You went behind my back

“It wasn’t right what you did. You shouldn’t have taken over like that!” she said.

Monday morning. It had been a glorious sunny weekend and we had been walking in the Peaks and wild swimming. I was practically glowing. I’d been working my way through my inbox for the last 30 minutes and didn’t even hear her enter my office. Those words practically knocked the wind right out of me.

The worst thing was….she was right. The previous week, I had been asked to proofread a grant application. I quickly realised the mistake. It was missing vital sections with 24 hours to go. Rather than going direct to my colleague, I sent it to another colleague for a second opinion. Was I being too harsh? Nope they agreed.
How do you want to deal with this? He said.

Instead of going directly to my colleague, I made a bad choice. Rather than dealing with the potential conflict myself, I took it up the chain. I told myself, if I got the higher powers to deliver the bad news, (that potentially it wasn’t ready to submit in this round after 6 weeks of 100% effort) then I was saving her from the humiliation of certain rejection.

But it wasn’t that simple.

There was part of me that was enjoying being the competent person.

In the end, we decided that with 24 hours to go; 3 hands on deck could complete the missing parts.

So instead of allowing my colleague the space to lead, I took over. Okay you take that section, I’ll work on this and send it to you, essentially cutting her out of the loop. At 4:58, with 2 minutes until the deadline it was me who clicked submit with her looking on from the side lines.

We had done it and I had proved my excellence in the process. Or so I thought…

“You went behind my back, took over and didn’t include me.” She said.


Let’s be clear, I’m not proud of my behaviour. Instead of proving just how valuable I was to my supervisor, instead I proved how insecure I was. That I would behave without full integrity in order to cement my position as “the best”, all rooted in those feelings of not being enough.
Have you ever behaved in way that didn’t make you proud?

Personal, Cultural and Professional Paradigms

There are three different paradigms that contribute to the way we approach life: personal, cultural and professional paradigms.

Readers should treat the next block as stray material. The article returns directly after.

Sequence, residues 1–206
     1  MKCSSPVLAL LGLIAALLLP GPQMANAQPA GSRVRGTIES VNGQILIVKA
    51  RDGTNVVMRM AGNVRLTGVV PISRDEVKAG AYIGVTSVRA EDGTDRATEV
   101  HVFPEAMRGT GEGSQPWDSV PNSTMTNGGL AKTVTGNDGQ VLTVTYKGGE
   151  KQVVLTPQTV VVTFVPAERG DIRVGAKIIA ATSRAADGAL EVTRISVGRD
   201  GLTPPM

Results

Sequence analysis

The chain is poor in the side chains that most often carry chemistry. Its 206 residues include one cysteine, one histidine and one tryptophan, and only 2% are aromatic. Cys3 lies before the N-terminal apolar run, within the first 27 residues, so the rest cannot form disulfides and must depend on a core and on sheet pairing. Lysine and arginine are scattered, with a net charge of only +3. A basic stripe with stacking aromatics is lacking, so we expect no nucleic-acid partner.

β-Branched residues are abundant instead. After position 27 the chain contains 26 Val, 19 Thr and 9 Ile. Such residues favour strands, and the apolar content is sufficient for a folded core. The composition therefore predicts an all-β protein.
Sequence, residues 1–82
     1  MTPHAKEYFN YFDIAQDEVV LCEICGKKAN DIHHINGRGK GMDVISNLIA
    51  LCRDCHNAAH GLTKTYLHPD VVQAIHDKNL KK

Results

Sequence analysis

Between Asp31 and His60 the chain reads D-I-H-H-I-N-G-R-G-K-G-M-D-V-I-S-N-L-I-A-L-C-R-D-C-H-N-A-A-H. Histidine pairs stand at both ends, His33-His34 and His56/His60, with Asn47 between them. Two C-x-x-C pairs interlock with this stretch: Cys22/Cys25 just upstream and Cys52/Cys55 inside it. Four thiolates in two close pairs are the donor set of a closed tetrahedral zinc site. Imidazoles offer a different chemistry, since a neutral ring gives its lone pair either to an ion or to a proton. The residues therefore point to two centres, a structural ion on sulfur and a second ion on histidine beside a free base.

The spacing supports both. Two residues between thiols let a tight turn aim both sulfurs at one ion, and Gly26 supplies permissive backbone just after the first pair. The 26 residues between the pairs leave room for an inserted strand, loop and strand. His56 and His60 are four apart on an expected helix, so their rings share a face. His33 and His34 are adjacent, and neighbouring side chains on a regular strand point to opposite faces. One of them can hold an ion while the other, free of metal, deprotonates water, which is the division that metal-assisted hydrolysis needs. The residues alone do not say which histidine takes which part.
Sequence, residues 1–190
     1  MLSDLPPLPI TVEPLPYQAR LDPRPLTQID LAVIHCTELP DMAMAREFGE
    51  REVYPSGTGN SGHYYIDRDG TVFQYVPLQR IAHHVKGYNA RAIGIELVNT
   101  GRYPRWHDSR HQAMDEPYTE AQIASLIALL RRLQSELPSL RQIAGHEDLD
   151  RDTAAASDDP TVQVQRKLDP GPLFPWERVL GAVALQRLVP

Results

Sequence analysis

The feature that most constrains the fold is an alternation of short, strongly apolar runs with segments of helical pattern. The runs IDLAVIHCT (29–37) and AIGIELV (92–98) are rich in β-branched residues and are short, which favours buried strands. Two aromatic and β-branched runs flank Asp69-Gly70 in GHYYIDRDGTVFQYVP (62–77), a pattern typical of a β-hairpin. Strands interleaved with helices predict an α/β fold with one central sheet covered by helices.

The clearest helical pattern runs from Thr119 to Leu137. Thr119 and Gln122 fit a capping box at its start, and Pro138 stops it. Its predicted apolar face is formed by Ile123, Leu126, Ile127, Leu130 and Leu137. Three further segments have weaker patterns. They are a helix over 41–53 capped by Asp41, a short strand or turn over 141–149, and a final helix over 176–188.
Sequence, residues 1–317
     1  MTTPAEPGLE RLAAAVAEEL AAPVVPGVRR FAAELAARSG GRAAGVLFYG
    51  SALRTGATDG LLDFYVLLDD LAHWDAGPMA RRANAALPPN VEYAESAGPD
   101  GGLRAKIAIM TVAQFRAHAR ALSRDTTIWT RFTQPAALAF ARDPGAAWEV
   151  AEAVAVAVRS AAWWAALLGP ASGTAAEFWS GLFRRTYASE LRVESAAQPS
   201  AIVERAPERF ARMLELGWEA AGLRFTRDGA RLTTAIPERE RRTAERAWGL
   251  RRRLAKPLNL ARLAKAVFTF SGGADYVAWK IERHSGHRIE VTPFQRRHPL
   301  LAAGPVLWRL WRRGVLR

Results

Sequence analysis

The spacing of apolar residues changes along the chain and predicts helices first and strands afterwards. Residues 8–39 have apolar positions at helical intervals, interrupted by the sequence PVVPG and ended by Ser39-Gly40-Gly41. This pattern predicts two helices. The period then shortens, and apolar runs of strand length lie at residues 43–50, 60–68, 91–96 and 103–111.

Personal Paradigm

My Dad used to work in Denmark Mon-Fri. I grew up believing that my Mum was in charge of everything. If we go back a generation, my Grandma was the only person to show up to work when their town was being bombed. I come from the mentality of…show up and push through…no matter what.

What did you learn growing up? 

Cultural Paradigm
I grew up in the UK which is the 6th most masculine country in the world (Hofstede). As a result, I have been swimming around in a culture that celebrates the individual and material rewards for success.
Which country did you grow up in? 

Professional Paradigm

When I started as an undergrad in Chemistry, there were loads of women around me. In fact, the figures for 2018 show 43% of undergrads studying Chemistry were women. It wasn’t until the end of my PhD did I look 2 steps ahead, discovering that there were only 5 female academics in a department of over 200.

Is there a noticeable hierarchy in your workplace? 

It’s easy to see how these paradigms can converge to create overachieving independent Superwomen. Striving to do more, be even better and prove ourselves.

Handling Criticism

Back then, I didn’t have the tools to handle challenging conversation well at all. Instead, I would slip into The Martyr. In other words, I took everything very personally and didn’t own my mistakes.

Here’s a great script for handling criticism well.

Handling criticism

Step 1: Confirm the state of mind/emotion of the person.
” I can see you are upset”

Step 2: Ask for the facts
“What has happened to make you upset”?
“Why are you upset”?

Step 3: Repeat what she has said using her words.
“You are being treated unfairly.”

Step 4: Ask for clarification
“What is it that you do not like…?”
“Can you give me some specific examples?”

Step 5: Restate the criticism using the person’s own words.
“You are saying that…”

Step 6: Ask her what she wants done about her complaint.

Step 7: Respond by saying what you will do and when.

*Note that in the majority of cases, what the person will ask is less that what you would expect. The fact that you have actively listened to her reduces the intensity of the criticism and request for follow-up action.

New Approach

We are hearing in every sphere – politics, business, academia, “we need more women here!” But 78% of women believe stepping up means even more hard work and many of us are already firefighting and thinly stretched.

You want me to be a leader, a wife, a mother and buy the birthday presents? There’s this constant pull of competing priorities.

In a bid to manage what’s already on our plates we lose forwards momentum and slip into career inertia or dissatisfaction.

In my coaching, I use leadership and NLP-based tools to support my clients to find a new approach to get more of the important things done with less push and effort and without burning out.

Do you need a new approach?

Keep growing,


PS I’d love to hear about your paradigms. Hit reply and tell me what factors have influenced how you show up in the world currently.

PPS Have you ever worried about conversation in advance, ruminated upon events or have worst case scenario thinking? Tune in next week to bring awareness to this iterative cycle of thoughts.